*means there are no guarantees that I will be able to fullfill this goal

Thanks for the pricing advice! I still like those pricing options and would pay for them if I were a customer. (i.e. They are still better than anything we have currently). Also I do not want to do wireless at all. I want FIber. FTTB/FTTH if I can afford it. I might could set up FWAPs to have as an extra service for customers or something. That would have to be an extra subscription though. I wouldn’t make it free to be honest.

wireless does have a purposes especially if you end up dealing with more rural areas. a long range wireless signal can carry 1-2GBPS.

Also, I would like to mention that I have been thinking about doing this for a long time. Eventually I decided that moving would be easier, but I have discovered that lots of other places in the US have similiar a ISP situation that I have in my area. So a few weeks ago, I came back to this idea and started hashing it out again. My biggest hurdle as you can all guess is the cost.

You need to think about hiring at least one technician experienced in network building. Because without help and consultation on hand, it will be really difficult for you to move things forward without delving into technical matters, and this is also a big cost factor.

Building a customer network is not so simple and cheap. Guess why ISP rarely wants to enter new territory if they know there are no big $$$.

Much also depends on your location. Dense buildings such as buildings with apartments or large spaces and free-standing houses. From this, in the first stage of planning, it decides how you will start building the network.
You have to focus much more on the technical aspect because that’s 60% of all the work that awaits you.
Without planning every detail of the network, you will not be able to calculate many costs and development strategies.
Building an ISP is not the same as creating a local coffee shop or a small shop, without the technical aspect you will not move. And after your earlier replies, there are unfortunately missing basic technical aspects that are needed even for a small ISP.

Of course you can make something that is an imitation of an ISP, but in fact it will never be a great ISP.
For this you do not need many connections, expensive professional servers and network equipment. But is there a goal to replicate another weak network …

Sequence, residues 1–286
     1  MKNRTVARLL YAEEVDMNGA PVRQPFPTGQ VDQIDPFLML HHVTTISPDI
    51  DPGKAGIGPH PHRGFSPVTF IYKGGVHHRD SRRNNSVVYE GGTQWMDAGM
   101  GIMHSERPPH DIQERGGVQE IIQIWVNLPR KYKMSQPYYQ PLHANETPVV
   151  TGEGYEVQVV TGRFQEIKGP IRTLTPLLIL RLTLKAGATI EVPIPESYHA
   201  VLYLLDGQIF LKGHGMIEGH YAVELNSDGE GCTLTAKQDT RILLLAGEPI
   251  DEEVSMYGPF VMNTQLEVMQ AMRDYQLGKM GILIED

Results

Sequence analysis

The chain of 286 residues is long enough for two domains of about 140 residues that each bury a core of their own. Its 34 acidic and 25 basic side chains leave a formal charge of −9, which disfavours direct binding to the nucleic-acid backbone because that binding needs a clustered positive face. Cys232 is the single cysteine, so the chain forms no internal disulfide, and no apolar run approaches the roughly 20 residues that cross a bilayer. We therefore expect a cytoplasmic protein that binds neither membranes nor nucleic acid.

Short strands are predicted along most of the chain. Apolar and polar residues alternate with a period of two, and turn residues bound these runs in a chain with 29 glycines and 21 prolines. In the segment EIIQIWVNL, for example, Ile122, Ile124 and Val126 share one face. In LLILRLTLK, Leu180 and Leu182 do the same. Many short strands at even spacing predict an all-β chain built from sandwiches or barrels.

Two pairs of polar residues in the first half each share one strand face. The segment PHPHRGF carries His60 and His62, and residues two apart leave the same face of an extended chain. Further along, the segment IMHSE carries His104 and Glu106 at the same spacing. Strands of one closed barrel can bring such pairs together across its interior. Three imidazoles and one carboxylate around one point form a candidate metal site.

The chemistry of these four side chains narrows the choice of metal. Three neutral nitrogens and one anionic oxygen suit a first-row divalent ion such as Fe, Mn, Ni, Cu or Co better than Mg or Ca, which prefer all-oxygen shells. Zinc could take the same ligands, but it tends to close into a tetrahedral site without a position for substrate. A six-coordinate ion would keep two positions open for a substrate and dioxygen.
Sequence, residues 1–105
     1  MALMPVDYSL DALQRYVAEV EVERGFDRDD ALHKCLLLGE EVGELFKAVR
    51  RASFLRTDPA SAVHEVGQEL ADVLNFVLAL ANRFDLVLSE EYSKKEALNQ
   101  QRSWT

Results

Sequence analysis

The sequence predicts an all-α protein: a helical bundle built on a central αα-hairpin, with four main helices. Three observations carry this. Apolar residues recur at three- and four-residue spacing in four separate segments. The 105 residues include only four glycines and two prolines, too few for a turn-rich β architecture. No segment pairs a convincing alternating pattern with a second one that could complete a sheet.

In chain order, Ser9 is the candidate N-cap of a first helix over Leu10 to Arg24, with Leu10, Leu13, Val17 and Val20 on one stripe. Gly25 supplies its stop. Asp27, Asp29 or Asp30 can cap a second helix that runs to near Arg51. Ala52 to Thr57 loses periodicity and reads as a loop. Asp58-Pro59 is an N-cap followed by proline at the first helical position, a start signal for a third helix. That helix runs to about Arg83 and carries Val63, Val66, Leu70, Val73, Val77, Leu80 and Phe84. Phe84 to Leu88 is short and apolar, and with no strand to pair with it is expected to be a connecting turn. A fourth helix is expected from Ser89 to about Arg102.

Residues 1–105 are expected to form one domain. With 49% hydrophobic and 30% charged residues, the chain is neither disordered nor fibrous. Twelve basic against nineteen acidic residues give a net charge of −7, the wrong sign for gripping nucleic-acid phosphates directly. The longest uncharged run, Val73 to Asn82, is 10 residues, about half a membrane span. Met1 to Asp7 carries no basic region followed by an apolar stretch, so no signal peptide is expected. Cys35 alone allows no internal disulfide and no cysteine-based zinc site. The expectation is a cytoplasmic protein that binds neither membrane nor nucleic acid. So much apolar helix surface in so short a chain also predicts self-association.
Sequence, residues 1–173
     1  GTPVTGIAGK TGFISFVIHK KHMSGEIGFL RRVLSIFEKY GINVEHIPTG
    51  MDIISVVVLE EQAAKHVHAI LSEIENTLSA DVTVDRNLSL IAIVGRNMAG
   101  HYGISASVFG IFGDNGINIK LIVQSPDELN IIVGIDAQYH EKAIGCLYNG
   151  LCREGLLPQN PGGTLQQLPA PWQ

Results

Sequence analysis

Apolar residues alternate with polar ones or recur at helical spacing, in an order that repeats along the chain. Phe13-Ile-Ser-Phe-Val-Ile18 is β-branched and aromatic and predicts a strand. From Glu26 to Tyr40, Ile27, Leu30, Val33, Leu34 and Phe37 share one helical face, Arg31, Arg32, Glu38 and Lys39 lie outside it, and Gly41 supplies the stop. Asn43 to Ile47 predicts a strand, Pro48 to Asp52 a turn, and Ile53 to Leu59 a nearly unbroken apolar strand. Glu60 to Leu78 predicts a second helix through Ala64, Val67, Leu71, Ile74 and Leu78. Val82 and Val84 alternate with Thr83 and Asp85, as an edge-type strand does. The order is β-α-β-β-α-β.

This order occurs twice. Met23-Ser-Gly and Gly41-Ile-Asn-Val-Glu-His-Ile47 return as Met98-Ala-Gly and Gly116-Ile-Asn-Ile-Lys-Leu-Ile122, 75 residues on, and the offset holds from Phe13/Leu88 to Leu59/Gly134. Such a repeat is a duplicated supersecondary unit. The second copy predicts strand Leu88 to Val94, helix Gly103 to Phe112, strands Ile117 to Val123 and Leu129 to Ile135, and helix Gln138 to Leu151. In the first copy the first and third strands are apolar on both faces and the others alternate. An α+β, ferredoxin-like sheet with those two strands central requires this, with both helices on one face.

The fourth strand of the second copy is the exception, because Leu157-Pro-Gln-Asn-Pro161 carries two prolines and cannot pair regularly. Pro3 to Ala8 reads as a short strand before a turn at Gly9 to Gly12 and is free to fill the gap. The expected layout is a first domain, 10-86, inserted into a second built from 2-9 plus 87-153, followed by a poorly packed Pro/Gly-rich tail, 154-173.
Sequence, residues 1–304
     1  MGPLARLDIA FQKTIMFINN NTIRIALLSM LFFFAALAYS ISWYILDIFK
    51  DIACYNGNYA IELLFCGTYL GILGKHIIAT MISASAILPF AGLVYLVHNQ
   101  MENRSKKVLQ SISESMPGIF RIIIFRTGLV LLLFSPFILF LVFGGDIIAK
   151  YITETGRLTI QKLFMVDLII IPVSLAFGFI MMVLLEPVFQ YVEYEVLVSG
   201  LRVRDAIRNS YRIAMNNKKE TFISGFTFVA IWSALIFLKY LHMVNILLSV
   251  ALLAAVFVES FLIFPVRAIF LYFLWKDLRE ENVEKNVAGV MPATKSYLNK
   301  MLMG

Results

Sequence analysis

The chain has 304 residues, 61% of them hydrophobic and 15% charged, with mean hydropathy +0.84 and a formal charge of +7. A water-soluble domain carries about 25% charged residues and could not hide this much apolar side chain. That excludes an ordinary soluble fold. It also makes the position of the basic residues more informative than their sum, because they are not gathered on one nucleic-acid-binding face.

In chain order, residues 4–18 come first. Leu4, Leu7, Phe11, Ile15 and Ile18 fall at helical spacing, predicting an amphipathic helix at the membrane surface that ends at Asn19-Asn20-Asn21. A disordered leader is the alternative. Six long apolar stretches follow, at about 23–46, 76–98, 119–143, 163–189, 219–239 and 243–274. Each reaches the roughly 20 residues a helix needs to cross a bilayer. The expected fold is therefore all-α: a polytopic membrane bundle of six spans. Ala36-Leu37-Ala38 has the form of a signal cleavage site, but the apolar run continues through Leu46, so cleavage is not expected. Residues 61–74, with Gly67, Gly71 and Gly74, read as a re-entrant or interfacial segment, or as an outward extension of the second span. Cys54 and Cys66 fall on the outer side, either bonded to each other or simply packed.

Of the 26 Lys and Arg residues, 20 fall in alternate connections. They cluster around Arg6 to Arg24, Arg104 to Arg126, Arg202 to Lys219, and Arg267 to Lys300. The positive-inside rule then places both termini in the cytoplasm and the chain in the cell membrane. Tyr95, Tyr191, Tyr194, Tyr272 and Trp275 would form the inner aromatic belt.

I don’t know how you want to start planning the core of the network and the first nodes for the clients if you don’t have a primary location where your ISP will be located. This is where it all begins and ends. This is where your hardware and uplinks will be located, and this is where your network’s links will disperse.
I do not know what the legal situation is for you, but there are many places where it is impossible to pull the cable across the street or you have to pay rent for a place in a conduit. Building a client network is not the same as a home LAN. You have to focus more on technical matters because they are a ruthless pair with the rest and you cannot postpone it for the future because they are not important yet. You will stand in a dead end and go to a place with no exit.

But I wish you success as long as it is a real story and not another like @The_Yuchent and his story about oil … :slight_smile:

You give the cost of the uplink but you say nothing about the bandwidth…
Hope you don’t plan too much overbooking your clients. What ratio are you planning, buy 10Gb sell 1Tb?
And for all gods and other spirits … NO for data caps!


Are you planning to string fiber up on telephone poles, or burying it? Look up pole attachment fees or estimate how much trenching costs. Figure out how much it’s going to cost to run your internet service a quarter mile to just the first customer… You’ll be shocked.

You’ll get a better idea of costs by talking to business ISPs. There, companies commonly pay actual build-out costs. I’ve been quoted $5,000 to run fiber from another customer premises just one block down the street.

IMHO, the smart thing is to get someone else to do it. Some municipalities have gotten around bad laws by building-out networks of just conduit across their territory. From there, small ISPs (with experience and money) are happy to lease the conduits to run fiber and provide service at low prices.

I don’t worry about ISPs much these days. Cellular is replacing wired internet for more and more customers. If traditional ISPs keep it up, the process will just go that much faster.

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the even smarter ones have run large backbones through the city for large businesses and local gov then will sell most of the capacity for ISPs

that cost is what corporations will pay. real cost is maybe 500$ for fiber, 2 transceivers and labor.